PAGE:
Avoiding Baby Eczema Triggers #3: House Dust Mite Allergy
Although house dust mites are not a common trigger for childhood eczema, for a number of children they can cause persistent flare ups which may not respond to treatment. Diagnosing a house dust mite allergy is best done through allergy testing as eliminating house dust mites is time-consuming and can be expensive. If a house dust mite allergy has been diagnosed, it can be a really tricky eczema trigger for parents to manage. We have house dust mite allergies in the family so have built up rather too much experience in dealing with the pests over the years…
House dust mites: know your enemy
House dust mites are scavengers that live in nest sites of warm blooded animals such as rats, birds and humans. Their favourite food source is discarded skin fragments although they will almost anything organic. House dust mites have evolved a clever way to extract the most out of the available food: the first time they eat something hard to digest it passes through the mite relatively untouched but it will have been covered in active digestive enzymes. These enzymes break down the hard to digest food, turning droppings into an easy meal. House dust mites can recycle their droppings 3-4 times in this way. The digestive enzymes are activated by moisture, so if house dust mite droppings come into contact with damp human skin, the enzymes will start working there too. It is these enzymes in the dropping, rather than the house dust mites themselves, that can result in allergic reactions including eczema, asthma and rhinitis.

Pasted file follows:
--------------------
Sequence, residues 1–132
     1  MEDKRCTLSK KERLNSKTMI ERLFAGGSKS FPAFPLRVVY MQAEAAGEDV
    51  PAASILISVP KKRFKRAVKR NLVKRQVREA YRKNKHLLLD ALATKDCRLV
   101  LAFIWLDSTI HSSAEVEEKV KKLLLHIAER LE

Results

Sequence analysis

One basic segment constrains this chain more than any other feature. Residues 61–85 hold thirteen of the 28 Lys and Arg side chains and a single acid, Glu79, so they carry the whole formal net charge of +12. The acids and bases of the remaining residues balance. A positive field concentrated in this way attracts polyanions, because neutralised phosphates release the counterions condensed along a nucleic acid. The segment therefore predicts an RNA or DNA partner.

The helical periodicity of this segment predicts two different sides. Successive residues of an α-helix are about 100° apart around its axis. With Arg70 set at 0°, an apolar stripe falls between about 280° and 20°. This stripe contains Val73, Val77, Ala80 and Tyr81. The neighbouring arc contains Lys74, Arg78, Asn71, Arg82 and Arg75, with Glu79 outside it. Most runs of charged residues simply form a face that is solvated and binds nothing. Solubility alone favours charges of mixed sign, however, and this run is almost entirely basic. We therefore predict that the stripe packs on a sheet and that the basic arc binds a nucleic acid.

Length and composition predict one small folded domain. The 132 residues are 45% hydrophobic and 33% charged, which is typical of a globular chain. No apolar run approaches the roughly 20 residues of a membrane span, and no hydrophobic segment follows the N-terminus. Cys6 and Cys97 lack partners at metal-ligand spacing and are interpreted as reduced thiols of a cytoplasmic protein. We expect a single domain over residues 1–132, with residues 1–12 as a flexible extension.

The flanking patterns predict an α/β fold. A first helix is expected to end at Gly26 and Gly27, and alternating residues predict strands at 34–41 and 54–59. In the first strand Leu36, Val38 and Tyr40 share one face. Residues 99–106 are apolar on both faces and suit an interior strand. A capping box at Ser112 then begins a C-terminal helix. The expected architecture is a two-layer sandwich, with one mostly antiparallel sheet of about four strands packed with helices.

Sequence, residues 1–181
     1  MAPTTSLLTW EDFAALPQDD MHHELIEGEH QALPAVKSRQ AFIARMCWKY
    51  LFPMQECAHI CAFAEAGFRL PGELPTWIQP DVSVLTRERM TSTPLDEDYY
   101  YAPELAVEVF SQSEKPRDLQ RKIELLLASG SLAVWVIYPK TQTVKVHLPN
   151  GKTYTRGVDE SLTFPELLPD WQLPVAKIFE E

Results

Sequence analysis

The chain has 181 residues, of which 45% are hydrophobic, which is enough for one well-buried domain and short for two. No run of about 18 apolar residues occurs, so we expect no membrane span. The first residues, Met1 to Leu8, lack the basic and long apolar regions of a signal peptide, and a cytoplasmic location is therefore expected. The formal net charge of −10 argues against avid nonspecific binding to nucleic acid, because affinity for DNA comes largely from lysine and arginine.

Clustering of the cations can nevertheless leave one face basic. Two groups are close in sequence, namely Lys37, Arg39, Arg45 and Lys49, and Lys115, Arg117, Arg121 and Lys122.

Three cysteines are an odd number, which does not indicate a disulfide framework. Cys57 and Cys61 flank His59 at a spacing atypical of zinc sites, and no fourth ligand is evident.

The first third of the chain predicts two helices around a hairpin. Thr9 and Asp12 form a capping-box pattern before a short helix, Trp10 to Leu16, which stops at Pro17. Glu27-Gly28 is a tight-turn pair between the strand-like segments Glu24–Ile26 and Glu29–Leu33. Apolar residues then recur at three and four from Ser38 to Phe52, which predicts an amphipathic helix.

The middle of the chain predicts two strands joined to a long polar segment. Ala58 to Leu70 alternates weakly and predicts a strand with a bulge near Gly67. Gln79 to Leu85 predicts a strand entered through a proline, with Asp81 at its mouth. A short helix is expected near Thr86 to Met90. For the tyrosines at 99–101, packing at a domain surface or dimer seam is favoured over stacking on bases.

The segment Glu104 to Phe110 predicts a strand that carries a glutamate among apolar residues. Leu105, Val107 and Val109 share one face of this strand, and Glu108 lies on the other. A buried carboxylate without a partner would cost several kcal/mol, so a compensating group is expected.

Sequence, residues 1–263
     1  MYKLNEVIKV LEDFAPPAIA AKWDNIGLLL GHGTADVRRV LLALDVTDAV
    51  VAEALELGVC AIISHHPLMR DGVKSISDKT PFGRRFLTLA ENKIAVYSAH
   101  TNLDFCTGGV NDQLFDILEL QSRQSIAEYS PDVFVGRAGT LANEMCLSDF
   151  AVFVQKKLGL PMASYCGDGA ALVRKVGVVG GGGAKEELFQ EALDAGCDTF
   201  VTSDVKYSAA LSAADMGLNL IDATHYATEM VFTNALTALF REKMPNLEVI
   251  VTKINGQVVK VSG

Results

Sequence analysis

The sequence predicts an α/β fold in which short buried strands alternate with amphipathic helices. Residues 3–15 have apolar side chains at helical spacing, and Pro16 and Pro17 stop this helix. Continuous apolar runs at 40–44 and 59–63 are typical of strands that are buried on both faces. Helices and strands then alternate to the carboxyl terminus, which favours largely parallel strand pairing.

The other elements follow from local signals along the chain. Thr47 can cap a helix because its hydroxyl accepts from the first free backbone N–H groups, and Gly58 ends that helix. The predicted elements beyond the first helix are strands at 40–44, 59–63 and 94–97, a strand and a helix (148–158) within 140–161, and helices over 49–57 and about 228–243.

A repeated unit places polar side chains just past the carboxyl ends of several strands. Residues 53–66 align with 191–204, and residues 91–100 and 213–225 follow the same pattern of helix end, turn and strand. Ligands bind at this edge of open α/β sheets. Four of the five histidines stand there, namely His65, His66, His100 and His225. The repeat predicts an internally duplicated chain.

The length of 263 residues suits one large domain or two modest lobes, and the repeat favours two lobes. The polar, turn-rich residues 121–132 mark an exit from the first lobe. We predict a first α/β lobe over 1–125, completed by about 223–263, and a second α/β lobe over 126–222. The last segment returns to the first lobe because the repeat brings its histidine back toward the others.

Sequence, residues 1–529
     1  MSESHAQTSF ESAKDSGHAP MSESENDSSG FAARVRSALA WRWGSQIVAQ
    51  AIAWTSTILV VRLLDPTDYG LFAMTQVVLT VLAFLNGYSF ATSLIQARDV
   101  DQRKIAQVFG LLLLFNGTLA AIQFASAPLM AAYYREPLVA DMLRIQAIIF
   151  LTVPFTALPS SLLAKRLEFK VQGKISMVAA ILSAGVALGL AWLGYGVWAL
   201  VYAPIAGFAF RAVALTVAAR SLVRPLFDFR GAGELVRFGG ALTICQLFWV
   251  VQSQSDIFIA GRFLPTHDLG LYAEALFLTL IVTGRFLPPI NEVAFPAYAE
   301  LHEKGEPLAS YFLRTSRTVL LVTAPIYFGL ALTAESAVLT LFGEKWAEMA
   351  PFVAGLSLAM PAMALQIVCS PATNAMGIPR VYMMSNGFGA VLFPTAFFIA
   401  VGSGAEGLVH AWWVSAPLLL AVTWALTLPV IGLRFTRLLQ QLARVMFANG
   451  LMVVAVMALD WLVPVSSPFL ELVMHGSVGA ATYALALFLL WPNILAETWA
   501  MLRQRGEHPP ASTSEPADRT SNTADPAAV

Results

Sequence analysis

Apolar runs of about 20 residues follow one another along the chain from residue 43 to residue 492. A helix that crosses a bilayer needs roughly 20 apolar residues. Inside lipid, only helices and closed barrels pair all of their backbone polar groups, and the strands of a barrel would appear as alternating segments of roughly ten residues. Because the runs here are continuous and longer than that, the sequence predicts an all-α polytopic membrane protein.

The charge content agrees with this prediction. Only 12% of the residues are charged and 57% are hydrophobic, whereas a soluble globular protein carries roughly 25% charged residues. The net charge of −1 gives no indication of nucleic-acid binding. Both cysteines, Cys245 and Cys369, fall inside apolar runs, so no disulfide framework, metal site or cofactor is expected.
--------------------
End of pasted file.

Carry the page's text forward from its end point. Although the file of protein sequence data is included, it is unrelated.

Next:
Practical ways to control house dust mites
While it is impossible to completely eliminate house dust mites, it is possible to substantially reduce them and their droppings. Mites are most active and breed most successfully at temperatures above 20°C and in humidity above 50%. To control house dust mite levels you need to both keep your home dry and cool, and minimise food sources by removing house dust as soon as it appears.
How to keep house dust mites out of children’s beds
The biggest source of house dust mite allergy reactions come from bedding. As young children can be in their beds for up to 14 hours a day, controlling house dust mites in their bedding is often the key to managing house dust mite allergies.
The warm, humid environment in the average bed is paradise for house dust mites. Here’s how to keep house dust mite activity in your child’s bed to a minimum: